Microsoft Works Suite 2006
- Broad range of apps, Cheap
- Nothing of note
Home PC users looking for a low-cost alternative to Microsoft Office will find Works Suite 2006 a capable option, and its extras would make it a bargain at twice the price.
Price$ 169.95 (AUD)
We checked out a shipping version of Microsoft's home-user-centric Works Suite 2006. For $169.95 it includes the same four apps as the existing $100 Works 8 bundle (a plain-jane word processor, Excel-compatible spreadsheet, a basic database, and a calendar program), plus a few additional applications I found particularly useful.
Works Suite 2006's "extra" apps include Word 2002, the Digital Image Standard 2006 image editor, Encarta Encyclopedia Standard 2006, and Microsoft Money 2005 Standard. These four apps cost well over $240 separately, so from the start it's clear that this suite is a good deal.
The core Works 8 apps appear to be identical to the versions in previous releases. However, the suite's inclusion of Word 2002 makes the Works word processor superfluous. The best aspect of the Works spreadsheet is its ability to open and save files in Excel's ".xls" file format. You won't find Excel's support for formulas and sorting/formatting options, though. Like the other Works apps, the database uses its own proprietary file format; it lacks Access's relational capabilities. The Works calendar is a breeze to use, and its ongoing support for the iCalendar standard simplifies sharing your calendars via the Internet.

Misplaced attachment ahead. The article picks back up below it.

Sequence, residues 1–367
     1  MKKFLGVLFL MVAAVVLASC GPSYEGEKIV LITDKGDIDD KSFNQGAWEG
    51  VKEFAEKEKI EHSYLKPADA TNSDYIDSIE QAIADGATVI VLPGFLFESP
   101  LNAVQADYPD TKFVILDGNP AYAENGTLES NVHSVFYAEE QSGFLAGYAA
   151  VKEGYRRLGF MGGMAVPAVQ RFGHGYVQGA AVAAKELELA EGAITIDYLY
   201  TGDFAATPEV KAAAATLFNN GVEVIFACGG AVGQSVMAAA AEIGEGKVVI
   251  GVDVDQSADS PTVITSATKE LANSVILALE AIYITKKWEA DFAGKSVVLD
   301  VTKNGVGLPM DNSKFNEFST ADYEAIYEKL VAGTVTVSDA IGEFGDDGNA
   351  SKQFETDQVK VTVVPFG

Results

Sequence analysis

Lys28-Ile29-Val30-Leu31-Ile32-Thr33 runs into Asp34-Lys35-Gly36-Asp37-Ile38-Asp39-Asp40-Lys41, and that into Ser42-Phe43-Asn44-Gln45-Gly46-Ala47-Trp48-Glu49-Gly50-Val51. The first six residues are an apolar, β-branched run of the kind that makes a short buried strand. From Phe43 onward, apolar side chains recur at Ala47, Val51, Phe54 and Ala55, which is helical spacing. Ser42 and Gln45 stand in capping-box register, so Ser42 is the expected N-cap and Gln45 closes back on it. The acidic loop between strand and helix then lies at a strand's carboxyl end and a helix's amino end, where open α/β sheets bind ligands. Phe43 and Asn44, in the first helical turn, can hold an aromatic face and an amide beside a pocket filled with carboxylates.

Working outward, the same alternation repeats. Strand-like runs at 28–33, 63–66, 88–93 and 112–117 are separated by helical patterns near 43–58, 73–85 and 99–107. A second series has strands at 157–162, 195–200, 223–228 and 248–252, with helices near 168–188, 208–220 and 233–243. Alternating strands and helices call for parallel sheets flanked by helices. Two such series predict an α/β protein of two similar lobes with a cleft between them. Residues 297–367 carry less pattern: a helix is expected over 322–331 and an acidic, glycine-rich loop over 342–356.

The new Digital Image Standard 2006 image editor is a welcome addition, replacing Microsoft's lame PictureIt imaging app. You can use its Digital Image Library to manage (but not edit) video files and assign ratings, keywords, and labels to your pictures. Encarta Encyclopedia Standard 2006 is the only app here to receive a design makeover since the previous edition. It has a cleaner interface with fewer items on each page and a more prominent search box. Online updates are free (through October 2006), and the company says that it adds new content about every 10 days.
Finally, Money Standard 2005 includes the ability to work with your banking providers and get your account balances and transactions from multiple bank accounts, and a feature for automatic spending analysis, so you can track your spending. You can even track GST on purchases, frequent flyer points and other loyalty schemes.
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The HP OfficeJet 250 Mobile Printer is a great device that fits perfectly into my fast paced and mobile lifestyle. My first impression of the printer itself was how incredibly compact and sleek the device was.
Wireless printing from my iPhone was also a handy feature, the whole experience was quick and seamless with no setup requirements - accessed through the default iOS printing menu options.
A smarter way to print for busy small business owners, combining speedy printing with scanning and copying, making it easier to produce high quality documents and images at a touch of a button.
I've had a multifunction printer in the office going on 10 years now. It was a neat bit of kit back in the day -- print, copy, scan, fax -- when printing over WiFi felt a bit like magic. It’s seen better days though and an upgrade’s well overdue. This HP OfficeJet Pro 8730 looks like it ticks all the same boxes: print, copy, scan, and fax. (Really? Does anyone fax anything any more? I guess it's good to know the facility’s there, just in case.) Printing over WiFi is more-or- less standard these days.
As a freelance writer who is always on the go, I like my technology to be both efficient and effective so I can do my job well. The HP OfficeJet Pro 8730 Inkjet Printer ticks all the boxes in terms of form factor, performance and user interface.
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